Why does North uses Propaganda?
People have the power to overthrow the regime, whose only recourse is to keep them uneducated and docile. No matter how much military power the North Korean Communist Party has, if the people turn against their government, the government will fall. Once people are exposed to liberal or independent ideas, they can spread such ideas to others, who will then feel the limitation of the state and thus initiate a revolution. Furthermore, if people are educated, they will sense the indoctrinating effort of the ruling party and thus go against the party. Historically, dictators like Joseph Stalin, Adolf Hitler, and even Vladimir Lenin, were well-aware that the masses posed the greatest threat and that anti-intellectualism and indoctrination were crucial in maintaining dominance over them. Therefore, schools provided only fundamental education and taught youngsters to praise the state and its leader. Youth organizations like Hitlerjugend indoctrinated younger generations to become puppets of the state with no independent thoughts. Dictators know that indoctrination and controlling the flow of information are the only ways to maintain tight control over their people, and the way to indoctrinate people and manipulate information is to utilize propaganda.
How does North uses propaganda?
The North Korean government constantly reminds people of the threat from the United States and South Korea. it puts people in a state of fear that the enemy might invade at any time. At the same time, the North Korean government uses propaganda to glorify Kim’s family and to exploit people’s labor. The types of propaganda can be separated into 5 categories below:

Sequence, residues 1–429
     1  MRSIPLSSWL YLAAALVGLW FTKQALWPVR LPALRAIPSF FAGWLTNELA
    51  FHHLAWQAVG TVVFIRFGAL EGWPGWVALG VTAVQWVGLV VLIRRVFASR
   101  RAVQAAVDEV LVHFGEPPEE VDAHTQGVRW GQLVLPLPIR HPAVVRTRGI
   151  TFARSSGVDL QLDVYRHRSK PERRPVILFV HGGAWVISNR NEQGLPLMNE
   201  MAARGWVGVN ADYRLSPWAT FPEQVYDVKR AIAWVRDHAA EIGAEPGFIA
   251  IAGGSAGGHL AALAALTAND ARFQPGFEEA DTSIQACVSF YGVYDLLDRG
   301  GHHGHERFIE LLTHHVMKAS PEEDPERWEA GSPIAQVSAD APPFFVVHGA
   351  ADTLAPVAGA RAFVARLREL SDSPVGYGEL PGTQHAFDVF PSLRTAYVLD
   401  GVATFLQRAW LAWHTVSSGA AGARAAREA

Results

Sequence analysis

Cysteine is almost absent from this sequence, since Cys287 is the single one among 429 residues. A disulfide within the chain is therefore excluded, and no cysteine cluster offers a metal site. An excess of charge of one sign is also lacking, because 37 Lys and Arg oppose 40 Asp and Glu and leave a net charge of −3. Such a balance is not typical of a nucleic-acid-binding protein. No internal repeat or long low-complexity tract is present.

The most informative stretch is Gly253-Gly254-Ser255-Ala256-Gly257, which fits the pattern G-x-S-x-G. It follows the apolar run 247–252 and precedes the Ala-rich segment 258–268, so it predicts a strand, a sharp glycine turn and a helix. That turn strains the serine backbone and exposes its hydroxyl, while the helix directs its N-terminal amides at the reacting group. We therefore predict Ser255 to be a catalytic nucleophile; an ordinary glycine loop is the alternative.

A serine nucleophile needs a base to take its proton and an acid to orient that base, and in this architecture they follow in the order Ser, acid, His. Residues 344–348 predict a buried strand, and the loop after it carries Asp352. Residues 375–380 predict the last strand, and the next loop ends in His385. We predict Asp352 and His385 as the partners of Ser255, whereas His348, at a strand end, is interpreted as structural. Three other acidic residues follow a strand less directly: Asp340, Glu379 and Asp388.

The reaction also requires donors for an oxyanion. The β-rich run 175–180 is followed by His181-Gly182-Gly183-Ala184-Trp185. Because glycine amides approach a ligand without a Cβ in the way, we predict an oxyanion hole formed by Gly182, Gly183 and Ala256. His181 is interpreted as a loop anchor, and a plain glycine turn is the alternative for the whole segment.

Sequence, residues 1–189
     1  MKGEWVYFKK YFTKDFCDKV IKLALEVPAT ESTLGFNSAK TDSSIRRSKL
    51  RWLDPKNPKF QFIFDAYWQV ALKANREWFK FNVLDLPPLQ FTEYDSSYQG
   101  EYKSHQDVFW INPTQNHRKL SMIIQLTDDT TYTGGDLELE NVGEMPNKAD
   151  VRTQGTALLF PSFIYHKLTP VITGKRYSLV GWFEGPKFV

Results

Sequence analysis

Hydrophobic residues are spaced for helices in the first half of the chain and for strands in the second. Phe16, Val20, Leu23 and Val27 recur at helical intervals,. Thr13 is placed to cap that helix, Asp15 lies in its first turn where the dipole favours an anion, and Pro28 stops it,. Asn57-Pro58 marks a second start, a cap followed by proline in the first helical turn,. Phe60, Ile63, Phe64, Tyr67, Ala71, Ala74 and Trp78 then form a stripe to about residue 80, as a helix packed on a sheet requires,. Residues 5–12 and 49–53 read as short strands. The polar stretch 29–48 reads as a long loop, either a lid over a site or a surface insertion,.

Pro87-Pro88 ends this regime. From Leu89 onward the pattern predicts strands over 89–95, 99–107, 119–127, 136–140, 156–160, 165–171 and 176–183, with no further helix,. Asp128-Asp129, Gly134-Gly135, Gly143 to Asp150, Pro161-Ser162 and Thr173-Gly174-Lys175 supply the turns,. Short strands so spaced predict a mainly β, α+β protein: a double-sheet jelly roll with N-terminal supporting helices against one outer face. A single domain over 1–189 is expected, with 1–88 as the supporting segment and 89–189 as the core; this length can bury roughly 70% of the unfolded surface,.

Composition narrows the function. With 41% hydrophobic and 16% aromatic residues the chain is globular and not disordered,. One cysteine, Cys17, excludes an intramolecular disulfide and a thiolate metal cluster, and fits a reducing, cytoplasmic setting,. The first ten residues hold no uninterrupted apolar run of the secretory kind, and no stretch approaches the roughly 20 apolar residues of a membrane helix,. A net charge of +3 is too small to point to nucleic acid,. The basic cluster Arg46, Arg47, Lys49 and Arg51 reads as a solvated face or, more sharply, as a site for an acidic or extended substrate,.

War propaganda was used frequently in the mid 1900s, but it is used quite often today to generate a war atmosphere in the country. As shown in the image, the propaganda portrays America as the country’s prime enemy. The sense of emergency and danger generated by the propaganda provides good excuses for the party to exert greater control over its people. It also acts to rationalize Kim’s plan to strengthen military instead of taking care of people’s livelihood.
2. Loyalty Propaganda
Loyalty Propaganda is often used to commemorate North’s past leader Kim Il-Sung and Kim Jung-il. It often glorifies the policy/achievement of the party or the Kim’s family.
3. Fear Propaganda
The fear propaganda is usually distributed not through the common medium we think of but through the news media and through hearsay. The best example of a fear propaganda is Jang Song Thaek’s (Kim Jung-Un’s uncle) execution. Jang Song Thaek was Kim Jung Un’s uncle and he was the main competitor of Kim Jung Un after Kim Jung-il’s death. By executing Jang Song Thaek, Kim Jung-Un aroused great fear among the elites in North Korea, establishing himself as the unchallenged supreme authority. Usually, fear is spread through public execution of both well-known and unknown personnel. As the words of cruel execution are spread from mouth to mouth, people remain subordinate to the party.
4. Amity Propaganda
Amity propaganda are used to emphasize the humanly aspect of Communist Party or the North Korean society. It often emphasizes the goods that the party has achieved for its people, or what Kim’s family has done to help out the citizens. Just like any other propaganda, the amity propaganda may look natural but in fact contain artificial contents to over-emphasize the good deed of the leader and the party.